What am I doing wrong?
Like Karen, many people are attracted to their opposite. However, research studies show that similarities are what actually keep people together for the long haul. There really is no danger in having too much in common with your partner. If you’re interested in a committed, happy,
long-term relationship, you’ll want to look for someone who is very similar to you—and you’ll want to stay away from someone who is your opposite. Researchers have found that this type of “attitudinal similarity”— the sharing of beliefs, opinions, likes, and lifestyle—is what really
helps two people get along.

There are three reasons for this.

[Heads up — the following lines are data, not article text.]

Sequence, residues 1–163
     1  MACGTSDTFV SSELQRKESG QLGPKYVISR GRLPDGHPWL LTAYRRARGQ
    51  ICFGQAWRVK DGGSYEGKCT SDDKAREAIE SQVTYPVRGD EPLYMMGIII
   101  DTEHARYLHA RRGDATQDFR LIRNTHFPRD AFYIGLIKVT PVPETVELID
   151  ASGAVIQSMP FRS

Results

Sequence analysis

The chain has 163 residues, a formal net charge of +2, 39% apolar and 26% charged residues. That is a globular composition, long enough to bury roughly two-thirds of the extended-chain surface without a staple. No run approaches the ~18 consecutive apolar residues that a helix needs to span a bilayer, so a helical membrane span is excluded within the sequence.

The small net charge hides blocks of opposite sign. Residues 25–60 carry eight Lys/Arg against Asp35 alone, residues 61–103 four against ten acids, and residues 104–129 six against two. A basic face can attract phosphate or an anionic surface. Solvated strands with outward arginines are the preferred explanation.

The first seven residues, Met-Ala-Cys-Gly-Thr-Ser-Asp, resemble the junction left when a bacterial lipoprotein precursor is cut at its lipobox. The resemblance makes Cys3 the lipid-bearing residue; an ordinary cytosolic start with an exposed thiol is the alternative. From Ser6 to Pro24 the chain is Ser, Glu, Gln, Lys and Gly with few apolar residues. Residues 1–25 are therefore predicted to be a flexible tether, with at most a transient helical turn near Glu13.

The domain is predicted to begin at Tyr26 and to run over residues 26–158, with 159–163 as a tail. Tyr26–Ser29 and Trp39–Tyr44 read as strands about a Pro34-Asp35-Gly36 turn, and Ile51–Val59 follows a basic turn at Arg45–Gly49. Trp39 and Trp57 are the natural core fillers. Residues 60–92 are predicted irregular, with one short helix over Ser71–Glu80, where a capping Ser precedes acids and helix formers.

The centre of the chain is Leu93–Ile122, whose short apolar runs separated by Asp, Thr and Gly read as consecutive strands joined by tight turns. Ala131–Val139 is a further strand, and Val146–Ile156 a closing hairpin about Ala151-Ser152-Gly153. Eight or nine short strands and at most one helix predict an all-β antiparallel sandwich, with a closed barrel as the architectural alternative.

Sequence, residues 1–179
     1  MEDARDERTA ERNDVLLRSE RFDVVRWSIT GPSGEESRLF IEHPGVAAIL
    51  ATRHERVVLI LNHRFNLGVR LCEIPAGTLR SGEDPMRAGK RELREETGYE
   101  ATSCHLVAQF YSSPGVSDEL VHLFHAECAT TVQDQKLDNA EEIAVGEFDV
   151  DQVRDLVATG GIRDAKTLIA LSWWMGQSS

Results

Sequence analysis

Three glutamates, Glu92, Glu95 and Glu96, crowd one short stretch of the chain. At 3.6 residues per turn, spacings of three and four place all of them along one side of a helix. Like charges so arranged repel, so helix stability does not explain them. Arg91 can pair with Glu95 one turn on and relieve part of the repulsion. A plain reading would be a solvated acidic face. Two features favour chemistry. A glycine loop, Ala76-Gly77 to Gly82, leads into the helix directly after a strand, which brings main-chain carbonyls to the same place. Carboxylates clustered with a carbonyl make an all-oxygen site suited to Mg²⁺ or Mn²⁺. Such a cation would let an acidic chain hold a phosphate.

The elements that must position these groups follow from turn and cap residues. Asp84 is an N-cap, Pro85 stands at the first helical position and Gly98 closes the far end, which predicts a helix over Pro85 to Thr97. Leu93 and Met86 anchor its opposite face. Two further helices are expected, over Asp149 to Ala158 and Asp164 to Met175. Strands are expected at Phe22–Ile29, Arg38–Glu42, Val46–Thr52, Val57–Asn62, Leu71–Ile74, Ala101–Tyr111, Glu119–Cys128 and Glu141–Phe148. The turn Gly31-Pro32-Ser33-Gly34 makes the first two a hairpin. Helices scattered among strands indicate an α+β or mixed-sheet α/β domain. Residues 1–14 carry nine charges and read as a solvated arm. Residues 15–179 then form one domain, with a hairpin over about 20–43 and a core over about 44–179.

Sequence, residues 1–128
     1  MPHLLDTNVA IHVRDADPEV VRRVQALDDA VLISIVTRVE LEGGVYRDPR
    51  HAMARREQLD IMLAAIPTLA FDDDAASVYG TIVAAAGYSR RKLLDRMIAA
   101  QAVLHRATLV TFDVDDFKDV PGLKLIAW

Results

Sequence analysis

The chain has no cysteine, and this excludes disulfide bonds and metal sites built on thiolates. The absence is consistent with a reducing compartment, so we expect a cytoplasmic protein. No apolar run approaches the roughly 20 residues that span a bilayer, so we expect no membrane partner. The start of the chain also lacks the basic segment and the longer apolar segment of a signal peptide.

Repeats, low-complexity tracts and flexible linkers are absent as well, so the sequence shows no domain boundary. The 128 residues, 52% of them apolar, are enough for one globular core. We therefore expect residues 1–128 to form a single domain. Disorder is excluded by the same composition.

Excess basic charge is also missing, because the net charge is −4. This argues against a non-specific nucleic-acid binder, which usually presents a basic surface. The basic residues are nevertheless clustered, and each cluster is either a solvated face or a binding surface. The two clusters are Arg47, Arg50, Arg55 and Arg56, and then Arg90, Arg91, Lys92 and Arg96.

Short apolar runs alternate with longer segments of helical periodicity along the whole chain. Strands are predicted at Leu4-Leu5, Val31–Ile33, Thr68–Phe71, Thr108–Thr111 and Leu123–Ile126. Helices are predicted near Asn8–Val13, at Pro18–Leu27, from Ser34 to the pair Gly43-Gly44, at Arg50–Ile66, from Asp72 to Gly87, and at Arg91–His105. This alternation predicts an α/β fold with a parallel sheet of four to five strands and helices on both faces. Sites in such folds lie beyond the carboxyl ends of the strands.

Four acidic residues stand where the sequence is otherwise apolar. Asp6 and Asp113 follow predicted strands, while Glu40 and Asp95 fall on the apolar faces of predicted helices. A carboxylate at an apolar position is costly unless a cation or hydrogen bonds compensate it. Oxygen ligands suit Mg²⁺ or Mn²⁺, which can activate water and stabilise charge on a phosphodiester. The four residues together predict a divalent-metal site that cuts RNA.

First, similarities validate our own view of the world; people who hold similar values provide us with support and affirm our own opinions. For example, if you and your partner were brought up in the same religion and still practice it now, your shared beliefs will make you feel good about your religious commitment, and this will be a strong bond in your partnership or marriage. Or maybe you feel very strongly that when you make money, you should give a part of it back to those in need. If this sounds like you, finding someone who shares your love of giving to others will support your way of life and become the “glue” that holds your relationship together.

Second, similarities lead to less conflict and tension between partners. You and your partner won’t end up disagreeing about issues that are most important to you: your core values and underlying attitudes.

And third, similarities often lead to positive mutual feelings. The fact is, we simply like others who share similar points of view because we expect they’ll like us in return.